Sunday, December 7, 2008

My ginsu skills ginsuck



Dear Tricia, What is the proper way to hold a knife?

I'm glad you asked, random stranger. First of all, I need to preface this post by saying that you never ever ever (ever ever ever) need to invest in a set of expensive, differently sized kitchen knives all stuck inside a fancy wooden block with a celebrity chef's name on it. You'll never need all those different sizes, and once you put clean wet knives in the block, bacteria will start to grow in the knife slots. The only knives you ever need to purchase for your home kitchen are a good chef's knife (also called a French knife), which is your basic, 8-10" large all-purpose-cutting knife, and a small paring knife. The rest are unnecessary. Save yourself some dough for cocktails.

In order to properly show you how to hold a knife, I attached a lot of pictures to this post. Please ignore the DBK logo on the knife: I am not endorsing Daniel Bouloud. I think his knives suck.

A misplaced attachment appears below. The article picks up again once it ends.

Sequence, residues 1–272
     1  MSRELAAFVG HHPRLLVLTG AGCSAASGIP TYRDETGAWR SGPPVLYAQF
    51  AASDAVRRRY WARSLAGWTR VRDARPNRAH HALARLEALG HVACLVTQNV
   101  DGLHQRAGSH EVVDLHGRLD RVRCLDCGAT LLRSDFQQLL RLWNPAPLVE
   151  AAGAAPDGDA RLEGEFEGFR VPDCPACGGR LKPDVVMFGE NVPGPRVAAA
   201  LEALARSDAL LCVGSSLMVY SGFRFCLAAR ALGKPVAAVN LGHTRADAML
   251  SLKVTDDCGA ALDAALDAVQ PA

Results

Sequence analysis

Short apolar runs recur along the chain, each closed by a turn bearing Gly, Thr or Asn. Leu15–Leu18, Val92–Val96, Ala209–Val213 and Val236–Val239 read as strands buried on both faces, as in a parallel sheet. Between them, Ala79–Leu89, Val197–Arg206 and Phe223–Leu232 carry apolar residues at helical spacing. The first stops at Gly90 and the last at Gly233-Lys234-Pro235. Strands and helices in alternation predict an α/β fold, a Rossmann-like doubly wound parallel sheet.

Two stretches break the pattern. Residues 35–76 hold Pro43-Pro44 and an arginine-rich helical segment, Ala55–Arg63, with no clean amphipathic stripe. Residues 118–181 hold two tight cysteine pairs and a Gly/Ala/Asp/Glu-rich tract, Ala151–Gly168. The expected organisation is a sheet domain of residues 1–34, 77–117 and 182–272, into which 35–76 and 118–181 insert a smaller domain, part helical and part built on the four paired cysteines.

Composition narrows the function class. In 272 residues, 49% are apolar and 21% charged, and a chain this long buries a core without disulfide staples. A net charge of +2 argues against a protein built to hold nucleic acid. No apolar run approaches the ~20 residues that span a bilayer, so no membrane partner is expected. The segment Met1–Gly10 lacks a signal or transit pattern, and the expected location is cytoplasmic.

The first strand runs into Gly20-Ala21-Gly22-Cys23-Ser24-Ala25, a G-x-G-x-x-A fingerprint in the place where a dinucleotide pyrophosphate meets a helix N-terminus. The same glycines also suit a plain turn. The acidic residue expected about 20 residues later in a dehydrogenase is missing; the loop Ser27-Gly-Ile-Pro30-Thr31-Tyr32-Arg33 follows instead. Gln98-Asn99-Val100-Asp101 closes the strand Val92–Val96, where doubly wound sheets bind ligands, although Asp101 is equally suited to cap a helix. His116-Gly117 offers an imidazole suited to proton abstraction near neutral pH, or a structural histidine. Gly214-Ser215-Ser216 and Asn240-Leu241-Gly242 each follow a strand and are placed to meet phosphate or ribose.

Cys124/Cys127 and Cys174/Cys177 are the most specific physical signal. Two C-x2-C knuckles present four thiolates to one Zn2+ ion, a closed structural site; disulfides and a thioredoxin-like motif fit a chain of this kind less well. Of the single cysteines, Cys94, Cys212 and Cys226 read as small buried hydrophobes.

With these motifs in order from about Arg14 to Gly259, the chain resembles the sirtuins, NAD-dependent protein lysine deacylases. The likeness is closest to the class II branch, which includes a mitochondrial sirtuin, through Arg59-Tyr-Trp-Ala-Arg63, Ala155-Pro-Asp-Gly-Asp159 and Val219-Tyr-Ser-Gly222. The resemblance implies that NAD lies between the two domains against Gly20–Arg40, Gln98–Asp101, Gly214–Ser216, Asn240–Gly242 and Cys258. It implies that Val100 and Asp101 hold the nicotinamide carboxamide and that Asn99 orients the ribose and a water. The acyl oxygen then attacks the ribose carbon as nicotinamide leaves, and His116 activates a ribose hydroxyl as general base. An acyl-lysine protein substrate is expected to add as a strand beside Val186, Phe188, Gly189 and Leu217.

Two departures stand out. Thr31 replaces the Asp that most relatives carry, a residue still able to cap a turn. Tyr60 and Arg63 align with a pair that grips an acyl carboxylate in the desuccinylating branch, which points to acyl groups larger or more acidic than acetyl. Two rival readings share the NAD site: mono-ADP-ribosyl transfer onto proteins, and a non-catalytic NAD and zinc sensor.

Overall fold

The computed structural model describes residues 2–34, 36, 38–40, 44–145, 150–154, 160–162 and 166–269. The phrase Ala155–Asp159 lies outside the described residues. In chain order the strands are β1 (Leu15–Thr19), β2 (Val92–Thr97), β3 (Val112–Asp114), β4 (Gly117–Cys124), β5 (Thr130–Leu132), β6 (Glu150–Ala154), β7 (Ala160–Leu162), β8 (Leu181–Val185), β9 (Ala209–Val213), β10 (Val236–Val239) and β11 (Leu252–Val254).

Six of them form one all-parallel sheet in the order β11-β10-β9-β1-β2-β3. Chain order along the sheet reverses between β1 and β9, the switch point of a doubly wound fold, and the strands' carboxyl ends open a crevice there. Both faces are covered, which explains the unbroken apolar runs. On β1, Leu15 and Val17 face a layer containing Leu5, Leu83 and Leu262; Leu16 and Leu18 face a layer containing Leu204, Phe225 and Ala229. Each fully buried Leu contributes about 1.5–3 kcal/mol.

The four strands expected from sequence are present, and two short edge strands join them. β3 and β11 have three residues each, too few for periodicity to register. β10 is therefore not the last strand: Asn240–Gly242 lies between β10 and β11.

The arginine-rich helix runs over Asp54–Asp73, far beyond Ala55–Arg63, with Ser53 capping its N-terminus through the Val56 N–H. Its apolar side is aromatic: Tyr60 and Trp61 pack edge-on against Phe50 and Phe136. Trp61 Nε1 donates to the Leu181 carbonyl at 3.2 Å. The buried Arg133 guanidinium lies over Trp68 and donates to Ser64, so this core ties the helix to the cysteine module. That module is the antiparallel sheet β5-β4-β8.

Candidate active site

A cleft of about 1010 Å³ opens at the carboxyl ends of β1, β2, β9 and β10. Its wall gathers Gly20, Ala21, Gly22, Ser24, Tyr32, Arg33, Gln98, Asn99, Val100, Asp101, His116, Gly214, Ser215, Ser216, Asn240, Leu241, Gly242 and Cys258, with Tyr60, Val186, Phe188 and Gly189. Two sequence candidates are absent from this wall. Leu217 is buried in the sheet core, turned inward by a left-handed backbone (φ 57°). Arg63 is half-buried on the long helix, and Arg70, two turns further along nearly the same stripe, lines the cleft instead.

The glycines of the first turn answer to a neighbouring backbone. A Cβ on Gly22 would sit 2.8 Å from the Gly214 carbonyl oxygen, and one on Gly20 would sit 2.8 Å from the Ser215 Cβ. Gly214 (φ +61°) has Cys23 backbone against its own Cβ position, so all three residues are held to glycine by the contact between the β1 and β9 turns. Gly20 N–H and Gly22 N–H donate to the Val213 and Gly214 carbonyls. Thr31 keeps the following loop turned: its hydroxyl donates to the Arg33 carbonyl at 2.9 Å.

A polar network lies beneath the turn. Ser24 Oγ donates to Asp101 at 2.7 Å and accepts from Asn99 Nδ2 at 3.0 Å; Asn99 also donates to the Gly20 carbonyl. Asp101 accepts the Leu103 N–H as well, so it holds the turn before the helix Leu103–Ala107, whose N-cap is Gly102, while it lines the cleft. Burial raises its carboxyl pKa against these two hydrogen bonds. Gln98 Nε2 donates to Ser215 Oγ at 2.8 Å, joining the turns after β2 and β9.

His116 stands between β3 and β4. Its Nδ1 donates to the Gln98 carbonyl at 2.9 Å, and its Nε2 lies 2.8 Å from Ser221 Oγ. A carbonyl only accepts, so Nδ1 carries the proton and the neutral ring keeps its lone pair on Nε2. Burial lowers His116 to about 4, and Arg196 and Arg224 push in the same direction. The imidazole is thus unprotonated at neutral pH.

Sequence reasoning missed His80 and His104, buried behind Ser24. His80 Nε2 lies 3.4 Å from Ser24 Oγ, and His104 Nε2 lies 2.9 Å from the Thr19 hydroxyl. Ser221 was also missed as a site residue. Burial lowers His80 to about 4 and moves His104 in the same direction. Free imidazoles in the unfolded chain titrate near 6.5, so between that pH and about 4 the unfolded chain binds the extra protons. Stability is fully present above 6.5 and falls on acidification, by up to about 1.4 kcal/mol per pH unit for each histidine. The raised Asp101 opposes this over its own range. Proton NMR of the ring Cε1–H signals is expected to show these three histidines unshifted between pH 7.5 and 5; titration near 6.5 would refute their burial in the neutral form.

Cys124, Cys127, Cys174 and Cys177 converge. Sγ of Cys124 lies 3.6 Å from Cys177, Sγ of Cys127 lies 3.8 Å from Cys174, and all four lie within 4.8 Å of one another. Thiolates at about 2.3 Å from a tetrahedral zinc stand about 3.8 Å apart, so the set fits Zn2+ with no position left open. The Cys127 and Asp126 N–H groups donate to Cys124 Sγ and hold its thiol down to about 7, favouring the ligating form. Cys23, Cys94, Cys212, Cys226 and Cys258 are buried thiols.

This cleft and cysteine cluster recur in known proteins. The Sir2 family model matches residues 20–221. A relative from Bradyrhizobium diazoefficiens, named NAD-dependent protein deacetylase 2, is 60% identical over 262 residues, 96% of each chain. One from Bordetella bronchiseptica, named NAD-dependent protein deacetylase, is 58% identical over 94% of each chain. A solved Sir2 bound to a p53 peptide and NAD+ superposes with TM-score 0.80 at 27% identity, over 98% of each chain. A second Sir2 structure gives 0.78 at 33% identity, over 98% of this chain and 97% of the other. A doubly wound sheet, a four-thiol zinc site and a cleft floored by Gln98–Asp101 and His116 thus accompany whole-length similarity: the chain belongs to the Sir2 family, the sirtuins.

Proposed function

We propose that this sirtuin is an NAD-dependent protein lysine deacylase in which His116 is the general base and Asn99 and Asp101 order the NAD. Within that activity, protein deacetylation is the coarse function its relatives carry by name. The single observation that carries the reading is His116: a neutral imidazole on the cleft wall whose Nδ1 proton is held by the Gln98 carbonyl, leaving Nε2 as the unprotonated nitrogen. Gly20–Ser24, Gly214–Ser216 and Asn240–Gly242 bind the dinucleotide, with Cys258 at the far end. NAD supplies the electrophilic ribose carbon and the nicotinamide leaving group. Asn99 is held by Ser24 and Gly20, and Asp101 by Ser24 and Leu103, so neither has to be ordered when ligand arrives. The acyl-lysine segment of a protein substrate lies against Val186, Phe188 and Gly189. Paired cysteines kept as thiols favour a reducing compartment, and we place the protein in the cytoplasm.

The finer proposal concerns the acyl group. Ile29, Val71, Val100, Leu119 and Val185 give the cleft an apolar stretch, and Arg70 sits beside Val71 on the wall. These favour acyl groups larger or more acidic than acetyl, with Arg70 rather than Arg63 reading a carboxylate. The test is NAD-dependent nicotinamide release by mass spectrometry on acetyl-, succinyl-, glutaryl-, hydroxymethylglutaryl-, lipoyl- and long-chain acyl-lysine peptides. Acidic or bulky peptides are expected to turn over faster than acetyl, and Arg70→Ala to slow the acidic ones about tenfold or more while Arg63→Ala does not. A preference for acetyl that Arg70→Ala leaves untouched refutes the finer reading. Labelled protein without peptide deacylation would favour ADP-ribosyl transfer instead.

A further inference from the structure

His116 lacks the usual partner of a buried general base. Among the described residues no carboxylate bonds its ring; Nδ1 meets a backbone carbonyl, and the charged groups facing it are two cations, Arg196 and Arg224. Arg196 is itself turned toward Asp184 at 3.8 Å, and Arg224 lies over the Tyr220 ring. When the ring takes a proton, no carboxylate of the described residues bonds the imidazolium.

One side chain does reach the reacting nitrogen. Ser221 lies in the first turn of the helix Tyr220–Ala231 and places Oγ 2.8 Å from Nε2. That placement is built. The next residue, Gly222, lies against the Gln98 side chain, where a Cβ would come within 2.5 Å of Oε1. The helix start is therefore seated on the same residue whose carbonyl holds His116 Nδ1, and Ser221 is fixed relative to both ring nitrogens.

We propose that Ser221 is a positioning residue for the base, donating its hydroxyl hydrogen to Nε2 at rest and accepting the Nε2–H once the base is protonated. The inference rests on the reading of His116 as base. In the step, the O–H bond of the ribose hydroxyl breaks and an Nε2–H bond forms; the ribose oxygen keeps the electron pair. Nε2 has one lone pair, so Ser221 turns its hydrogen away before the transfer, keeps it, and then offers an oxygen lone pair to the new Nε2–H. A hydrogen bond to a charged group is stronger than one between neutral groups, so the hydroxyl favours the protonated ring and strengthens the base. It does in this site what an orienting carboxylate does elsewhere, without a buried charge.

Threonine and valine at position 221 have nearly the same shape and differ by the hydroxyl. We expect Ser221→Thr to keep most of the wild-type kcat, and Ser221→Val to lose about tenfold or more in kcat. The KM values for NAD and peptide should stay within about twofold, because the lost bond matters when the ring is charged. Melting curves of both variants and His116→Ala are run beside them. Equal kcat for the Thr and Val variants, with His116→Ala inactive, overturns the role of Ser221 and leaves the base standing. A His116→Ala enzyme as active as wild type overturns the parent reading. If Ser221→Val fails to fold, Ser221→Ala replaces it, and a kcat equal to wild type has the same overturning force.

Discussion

Wrap your thumb around the bottom of the handle and your fingers around the other side of the handle. If you haven't at least figured this part out on your own, I'm surprised that you even had the brain cells to go pee by yourself today. Your index finger will not be wrapped around the handle: it's going to hook across the top of the blade.

Like this:




The reason you're hooking your index finger around the top of the blade is to give you more control. Letting your finger ride straight on top only gives your wrist more wiggle room to mess up what you're cutting. Have some control, why don't you?!


See? Your index finger needs to be wrapped around the top of the blade for full control. NOT laying on top of the blade. Here are some other improper ways to hold your knife:




Remember, bricks and trees aren't the best cutting boards, and neither are your hands. Stay clear of them.

2 comments:

Keir said...

The process of making those pictures must have been dangerous. Did you have a stunt double?

DJK said...

Rad. I, however, do most of my chopping and dicing on the tree outside. The bark holds onto my julienned carrots and diced tomatoes really well.